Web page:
The Argument Against Free Trade

In a world of free speech, there are very few off-limit topics. You can argue that G-d does not exist, that G-d is dead, or even that G-d is on an extended holiday and liberals who may not agree with you will fight to the death for your right to argue. Nevertheless, there are still three beliefs so central to our society that should you deviate even slightly from the accepted dogma, these same liberals will be the first to tie you to the stake and supply the burning faggots. These three beliefs are:

  1. The equality of women
  2. Darwin’s theory of evolution
  3. The efficacy of free trade.

I am not prepared to argue the first two topics but I do have real problems with the efficacy of free trade.

Free trade is defined as the unrestricted export and import of goods and services. The economists’ arguments in favor of free trade are clear, well known and valid:

Ø Free trade ensures the importing country receives the best quality products and services at the lowest cost.

Ø Free trade provides jobs and foreign exchange to exporting countries.

Ø Free trade provides developing countries an opportunity to industrialize.

Ø Free trade does not increase unemployment in importing countries.

Ø And, at the present time, the most important argument: Protectionist barriers will drag the current recession into a global depression, just as the Smoot-Hawley tariff of 1930 did.

All these economists’ arguments are indisputable — provided they remain limited to economics. The moment we move away from this narrow area, the arguments fall apart.

The truth is free trade does not exist, has never existed and no sane person would ever want to live in a free trade world. Who among us wants a system which allows exports of weapons of mass destruction to Iran, or any military hardware to North Korea? Governments must have the right to restrict imports of toxic milk products, flammable babywear, or contaminated medicine. Likewise governments must have the right to deny entry to airlines who fail to maintain their equipment, or the flow of funds to terrorist organizations. Yet all these restrictions are limitations of free trade.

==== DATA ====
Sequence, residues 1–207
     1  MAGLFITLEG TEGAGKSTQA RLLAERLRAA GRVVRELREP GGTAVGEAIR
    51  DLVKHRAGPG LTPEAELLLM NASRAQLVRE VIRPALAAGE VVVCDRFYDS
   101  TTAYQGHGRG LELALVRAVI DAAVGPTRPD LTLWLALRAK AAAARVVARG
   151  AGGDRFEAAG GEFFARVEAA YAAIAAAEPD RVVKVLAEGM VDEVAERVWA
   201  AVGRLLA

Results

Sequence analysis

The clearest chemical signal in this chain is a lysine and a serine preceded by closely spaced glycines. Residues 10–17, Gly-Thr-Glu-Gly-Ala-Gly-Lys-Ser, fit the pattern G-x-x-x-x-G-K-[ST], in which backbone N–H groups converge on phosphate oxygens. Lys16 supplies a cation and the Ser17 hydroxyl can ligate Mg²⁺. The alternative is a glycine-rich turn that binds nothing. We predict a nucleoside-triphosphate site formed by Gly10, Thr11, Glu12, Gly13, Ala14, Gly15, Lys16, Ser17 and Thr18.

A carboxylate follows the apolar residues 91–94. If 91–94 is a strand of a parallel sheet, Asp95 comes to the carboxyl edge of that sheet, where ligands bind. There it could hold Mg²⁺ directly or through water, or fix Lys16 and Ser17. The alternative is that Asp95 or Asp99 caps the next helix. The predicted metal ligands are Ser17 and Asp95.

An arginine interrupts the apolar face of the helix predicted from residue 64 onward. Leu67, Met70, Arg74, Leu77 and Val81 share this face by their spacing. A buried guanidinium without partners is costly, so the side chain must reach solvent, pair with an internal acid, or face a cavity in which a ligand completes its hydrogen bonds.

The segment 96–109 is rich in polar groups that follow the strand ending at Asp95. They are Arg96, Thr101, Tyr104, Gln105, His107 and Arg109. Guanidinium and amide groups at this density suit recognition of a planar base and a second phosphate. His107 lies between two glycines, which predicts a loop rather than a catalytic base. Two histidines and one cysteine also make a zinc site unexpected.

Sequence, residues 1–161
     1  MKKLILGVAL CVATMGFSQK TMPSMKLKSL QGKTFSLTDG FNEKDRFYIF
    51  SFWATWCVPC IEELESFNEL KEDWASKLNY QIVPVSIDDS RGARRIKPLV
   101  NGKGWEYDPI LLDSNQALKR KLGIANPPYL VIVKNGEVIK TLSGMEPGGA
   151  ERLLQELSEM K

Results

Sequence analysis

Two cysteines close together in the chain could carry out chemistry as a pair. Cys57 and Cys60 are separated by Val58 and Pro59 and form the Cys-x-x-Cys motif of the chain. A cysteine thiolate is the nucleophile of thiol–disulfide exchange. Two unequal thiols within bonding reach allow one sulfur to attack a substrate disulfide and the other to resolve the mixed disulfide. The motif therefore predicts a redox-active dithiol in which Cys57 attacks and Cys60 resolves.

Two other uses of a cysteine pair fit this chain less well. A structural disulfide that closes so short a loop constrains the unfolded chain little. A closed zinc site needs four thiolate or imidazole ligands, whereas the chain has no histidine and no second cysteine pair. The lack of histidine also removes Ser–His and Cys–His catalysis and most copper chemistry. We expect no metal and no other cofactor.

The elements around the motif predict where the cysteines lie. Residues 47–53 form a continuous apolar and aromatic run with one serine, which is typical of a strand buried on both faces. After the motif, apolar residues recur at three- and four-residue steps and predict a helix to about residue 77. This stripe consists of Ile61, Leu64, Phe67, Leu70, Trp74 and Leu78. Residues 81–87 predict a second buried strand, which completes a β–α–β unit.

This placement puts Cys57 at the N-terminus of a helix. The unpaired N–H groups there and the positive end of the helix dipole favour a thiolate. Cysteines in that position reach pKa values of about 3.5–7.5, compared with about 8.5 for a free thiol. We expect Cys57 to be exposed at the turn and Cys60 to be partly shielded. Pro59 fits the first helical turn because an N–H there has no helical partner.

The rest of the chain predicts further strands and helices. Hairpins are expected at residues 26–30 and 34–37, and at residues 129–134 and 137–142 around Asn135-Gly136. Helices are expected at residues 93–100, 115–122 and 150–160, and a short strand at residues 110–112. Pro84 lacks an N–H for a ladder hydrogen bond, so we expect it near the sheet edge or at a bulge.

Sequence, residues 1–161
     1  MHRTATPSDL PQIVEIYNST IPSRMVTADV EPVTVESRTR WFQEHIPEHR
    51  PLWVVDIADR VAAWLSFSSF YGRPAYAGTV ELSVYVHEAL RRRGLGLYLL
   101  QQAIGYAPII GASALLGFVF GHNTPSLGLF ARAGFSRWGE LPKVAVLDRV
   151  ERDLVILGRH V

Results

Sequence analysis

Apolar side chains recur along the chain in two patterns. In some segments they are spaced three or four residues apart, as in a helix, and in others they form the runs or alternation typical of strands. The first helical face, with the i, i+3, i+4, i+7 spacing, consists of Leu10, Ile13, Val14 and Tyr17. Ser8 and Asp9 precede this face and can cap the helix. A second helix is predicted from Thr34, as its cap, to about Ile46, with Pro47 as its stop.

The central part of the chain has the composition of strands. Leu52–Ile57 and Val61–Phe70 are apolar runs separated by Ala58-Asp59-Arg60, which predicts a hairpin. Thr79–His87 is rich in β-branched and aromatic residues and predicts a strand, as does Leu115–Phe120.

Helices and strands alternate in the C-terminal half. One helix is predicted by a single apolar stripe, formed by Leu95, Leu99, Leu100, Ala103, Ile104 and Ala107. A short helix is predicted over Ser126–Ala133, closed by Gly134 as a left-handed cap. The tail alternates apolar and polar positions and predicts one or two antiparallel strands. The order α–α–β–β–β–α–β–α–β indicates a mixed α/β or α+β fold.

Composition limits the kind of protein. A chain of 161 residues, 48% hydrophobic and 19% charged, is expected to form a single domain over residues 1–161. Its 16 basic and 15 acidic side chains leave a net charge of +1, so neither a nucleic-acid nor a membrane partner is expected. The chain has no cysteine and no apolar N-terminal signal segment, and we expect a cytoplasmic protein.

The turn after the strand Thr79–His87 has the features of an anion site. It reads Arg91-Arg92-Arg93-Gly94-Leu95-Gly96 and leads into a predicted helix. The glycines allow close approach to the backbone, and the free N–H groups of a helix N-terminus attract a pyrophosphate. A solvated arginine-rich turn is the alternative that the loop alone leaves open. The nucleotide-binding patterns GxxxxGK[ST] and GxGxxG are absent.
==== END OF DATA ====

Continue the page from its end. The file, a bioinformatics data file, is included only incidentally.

Doubtless, economists can argue that these examples are so far outside the normally accepted concept of free trade that they become the proverbial exceptions that prove the rule. After all free trade is important but, practically speaking, matters of life and death trump free trade. This is a good argument, but it misses the point. How does one define “matters of life and death”? Are not global pollution and global pollution “matters of life and death”? More people die each year from pollution-related diseases than all the soldiers in WWI. In this sense, are not unprotected coal-powered electric generation plants weapons of mass destruction?

The government of Germany does not allow the import of garments dyed with AZO dye-stuff because of pollution concerns. Is this an acceptable exception to free trade? And, if so, what other pollution and global-warming concerns are grounds for acceptable exceptions?

The fact remains that once the protectionist camel sticks his nose under the free trade tent, the whole concept begins to lose meaning. In fact, I suggest that the relationship between international trade and the environment will become the single greatest source trade restrictions in the near future. Must a country permit the importation of products that cause pollution? Must a country permit the importation of products when their manufacture caused pollution?